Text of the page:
The Epidural Is The Most Hyped Pain Medication Ever. Is novocaine this controversial?

By Babe | Illustration by Ana Hard

In our series The Debate, our community of real moms tackle the pros and cons around the idea of pain medication. The truth is, like so many decisions around child rearing, there is no right or wrong answer.  At HATCH, our job is to give voice to both sides of any debate, peppering real mom wisdom with the necessary facts so that you can make the best decision for you and your family.

Some women think the only way they’re getting through labor is with the maximum amount of pain management deemed legal. Other women want to feel every cramp, spasm and contraction. And then there’s the rest of us – somewhere in-between, wanting to be present for every moment but not doubled over in pain for hours on end. And yet, for so many women, the topic of an epidural comes with feelings like fear, surrender, and often guilt. 

“Getting an epidural is a deeply personal decision, says Dr. Miriam Greene, an OBGYN based in New York. “A lot of women think they’re a failure if they choose the ‘easy way’ and have the epidural,” she says. “But dilating, pushing, and delivering your baby will occur with or without the epidural. Diminishing the pain, in my experience, appears to be beneficial, as it helps the patient relax, rest, and dilate. However if the patient is motivated to have a drug free delivery, she should be encouraged and assisted in fulfilling her wish.”

Let’s hear from two gals in our community on their decisions regarding this most hyped up drug.

Just Say No

Jaimie Bailey
Nutritionist & Flywheel Instructor
Grey, 4

“My background is in nutrition, so in my mind, an unmedicated birth was just what it was going to be. But at the same time, I thought, OK here’s my plan, but if shit hits the fan and I need to do something other than that, it’s OK. I would’ve done a home birth if my husband was on board, but he wasn’t. He was very much, “god forbid something happens and you need to be around doctors,” which I understood.

My labor happened all at home. The first time it started, we went to the hospital but I was only one centimeter dilated, so they told me to go home, take a bath and get some rest. I’d be in the bath, so exhausted that I’d fall asleep for a minute and wake up and have a contraction. Then I moved into the bed. Finally, at 5:00 am, I had a contraction so bad, it made me get out of bed. I took two steps and my water broke. It was like the movies. It gushed everywhere. I was like holy shit! I didn’t know if I could walk. I made it to the hospital at 5:30 and Grey was born at 6:05. I got on the table, and they asked, “Do you want an epidural?” I said no, and they said, “honestly you don’t even have time.” I did three primal pushes and he was out.

In regards to not getting an epidural, I just wanted everything to be minimal and simple. I didn’t want any interference with drugs. I took a birthing class just to know what was going to happen and they walked us through the process of an epidural. I listened because I wanted to be prepared, but I remember going the whole way and thinking, if my mom could have three natural births, I got this. My mentality was “I’m in my body, I want to feel this.” I also believe in purity in everything, whether my food or supplementation. I want things to be clear and present. My biggest fear with an epidural or c-section was that it would take me out of the experience.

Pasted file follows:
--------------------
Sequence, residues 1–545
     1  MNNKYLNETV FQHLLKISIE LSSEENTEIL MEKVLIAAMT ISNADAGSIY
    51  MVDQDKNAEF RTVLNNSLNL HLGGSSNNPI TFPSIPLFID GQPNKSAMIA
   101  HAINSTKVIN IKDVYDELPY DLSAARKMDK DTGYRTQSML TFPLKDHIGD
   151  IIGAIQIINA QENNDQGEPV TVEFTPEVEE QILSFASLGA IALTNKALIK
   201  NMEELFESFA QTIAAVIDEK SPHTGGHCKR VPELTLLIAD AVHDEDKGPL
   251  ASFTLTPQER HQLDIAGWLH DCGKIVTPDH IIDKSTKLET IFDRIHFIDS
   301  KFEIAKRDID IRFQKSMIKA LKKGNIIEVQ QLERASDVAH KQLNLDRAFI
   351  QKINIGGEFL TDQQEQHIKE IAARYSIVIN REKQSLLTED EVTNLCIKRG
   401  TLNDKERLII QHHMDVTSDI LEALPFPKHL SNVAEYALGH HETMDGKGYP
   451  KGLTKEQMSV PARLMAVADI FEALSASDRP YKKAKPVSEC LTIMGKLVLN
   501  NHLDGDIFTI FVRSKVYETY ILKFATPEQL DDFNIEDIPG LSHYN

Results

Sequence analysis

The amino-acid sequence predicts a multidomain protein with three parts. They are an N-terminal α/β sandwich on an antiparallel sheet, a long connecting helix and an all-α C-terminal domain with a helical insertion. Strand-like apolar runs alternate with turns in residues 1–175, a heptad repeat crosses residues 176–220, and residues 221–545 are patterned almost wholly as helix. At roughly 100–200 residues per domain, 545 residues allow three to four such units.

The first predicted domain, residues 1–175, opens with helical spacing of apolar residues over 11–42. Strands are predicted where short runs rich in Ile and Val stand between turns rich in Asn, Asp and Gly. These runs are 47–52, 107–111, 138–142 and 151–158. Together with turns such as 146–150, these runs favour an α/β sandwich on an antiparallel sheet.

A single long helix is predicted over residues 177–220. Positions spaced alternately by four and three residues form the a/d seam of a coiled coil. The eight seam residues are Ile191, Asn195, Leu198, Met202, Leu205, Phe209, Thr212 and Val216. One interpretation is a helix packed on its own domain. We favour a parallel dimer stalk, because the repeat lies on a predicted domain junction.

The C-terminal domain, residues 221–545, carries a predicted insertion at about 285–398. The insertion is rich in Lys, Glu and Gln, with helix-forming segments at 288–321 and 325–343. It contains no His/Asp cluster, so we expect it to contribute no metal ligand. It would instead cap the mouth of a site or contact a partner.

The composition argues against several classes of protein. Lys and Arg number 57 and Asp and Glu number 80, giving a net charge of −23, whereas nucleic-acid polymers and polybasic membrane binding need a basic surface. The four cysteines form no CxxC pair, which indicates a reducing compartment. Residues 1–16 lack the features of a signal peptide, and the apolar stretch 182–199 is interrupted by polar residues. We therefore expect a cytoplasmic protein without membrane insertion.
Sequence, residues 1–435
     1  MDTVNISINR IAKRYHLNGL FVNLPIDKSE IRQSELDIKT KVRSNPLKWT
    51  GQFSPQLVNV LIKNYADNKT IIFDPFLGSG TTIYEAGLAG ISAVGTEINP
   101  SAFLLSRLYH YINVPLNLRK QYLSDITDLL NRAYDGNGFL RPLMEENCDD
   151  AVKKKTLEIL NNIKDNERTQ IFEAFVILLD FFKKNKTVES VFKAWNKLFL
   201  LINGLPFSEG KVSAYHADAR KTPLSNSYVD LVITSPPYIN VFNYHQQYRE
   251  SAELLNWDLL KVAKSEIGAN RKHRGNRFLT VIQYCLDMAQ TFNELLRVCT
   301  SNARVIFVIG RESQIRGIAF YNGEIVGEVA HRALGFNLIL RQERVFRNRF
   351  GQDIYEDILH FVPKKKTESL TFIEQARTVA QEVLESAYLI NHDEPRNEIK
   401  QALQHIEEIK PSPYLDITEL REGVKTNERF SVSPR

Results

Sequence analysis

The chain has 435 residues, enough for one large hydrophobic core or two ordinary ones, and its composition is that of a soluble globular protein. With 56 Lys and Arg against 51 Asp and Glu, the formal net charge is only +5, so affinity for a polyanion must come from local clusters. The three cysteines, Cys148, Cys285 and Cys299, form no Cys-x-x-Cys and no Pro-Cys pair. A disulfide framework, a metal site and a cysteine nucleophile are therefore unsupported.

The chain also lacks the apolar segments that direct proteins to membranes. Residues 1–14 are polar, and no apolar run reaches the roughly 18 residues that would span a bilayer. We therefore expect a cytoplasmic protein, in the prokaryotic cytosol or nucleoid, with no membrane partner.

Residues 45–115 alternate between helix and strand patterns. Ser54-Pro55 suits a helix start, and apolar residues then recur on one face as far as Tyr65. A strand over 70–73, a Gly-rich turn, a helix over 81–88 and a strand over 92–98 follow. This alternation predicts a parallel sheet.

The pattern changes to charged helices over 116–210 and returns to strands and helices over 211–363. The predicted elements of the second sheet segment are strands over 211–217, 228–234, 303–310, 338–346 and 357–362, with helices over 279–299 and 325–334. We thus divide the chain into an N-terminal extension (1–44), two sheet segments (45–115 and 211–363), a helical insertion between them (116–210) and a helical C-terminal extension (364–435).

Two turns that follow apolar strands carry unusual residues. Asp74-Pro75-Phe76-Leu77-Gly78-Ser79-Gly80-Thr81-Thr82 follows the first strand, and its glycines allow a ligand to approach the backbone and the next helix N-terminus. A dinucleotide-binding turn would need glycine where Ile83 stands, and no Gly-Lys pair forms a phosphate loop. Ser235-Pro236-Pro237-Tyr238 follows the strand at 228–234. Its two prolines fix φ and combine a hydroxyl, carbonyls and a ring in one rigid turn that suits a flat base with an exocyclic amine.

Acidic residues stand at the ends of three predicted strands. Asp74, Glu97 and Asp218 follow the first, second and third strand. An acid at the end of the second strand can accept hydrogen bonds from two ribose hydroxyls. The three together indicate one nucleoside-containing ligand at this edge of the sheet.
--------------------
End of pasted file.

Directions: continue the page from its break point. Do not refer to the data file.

I remember my friends who had kids thought I was crazy. I had zero judgement with their comments. I just let it roll off my back. My OB knew what I wanted and my husband was my biggest cheerleader. I didn’t have a doula or midwife, it felt unnecessary. I was like, let’s just do it. You get pregnant, you have the baby. I didn’t want the noise. I’m just going to go with the instinct thing and i’m just gonna do it. And I did.”

Drugs Please, Thanks

Lindsay Hegleman
Global Event Marketing, Facebook
Skylar, 7 + Sebastian, 3

It was not a discussion. I was getting an epidural. I have a low threshold for pain anyway and I felt like there would be a lot of things I couldn’t control in the delivery room. If I could control one thing and be present for the rest of the labor, why not ease the pain? So literally the second I went in, it was the first thing I asked for. I thought my pain was at a 9/10 but then they told me I was only two centimeters. I still wanted it ASAP.

How do epidurals work and should I get one?

It wasn’t a discussion with my husband. It was entirely my decision. I said, “Please give it to me immediately.” I remember waiting in the triage room before they put me in a room, and I was asking every nurse who came by when the anesthesiologist was coming. 

Sure getting an epidural can be painful. You’re bent over with your chest on your knees and it hurts, but not in comparison to what I expected if I didn’t get it. I think it makes some people nauseous. I threw up after getting it but I didn’t care. I thought I’d rather throw up than be in that much pain. I still felt the pain but it felt like bad cramps. 

After I got the epidural, my labor was easy peasy. I told the doctor I loved his hair. I was in La La land. I was in a much better place. The only downside is that you can’t feel when you’re pushing. You’re so numb. You think you’re pushing really hard but I clearly wasn’t pushing hard enough because they had to use forceps with my first. I still loved it. You have your entire life to be a warrior raising kids. Why start before you have to?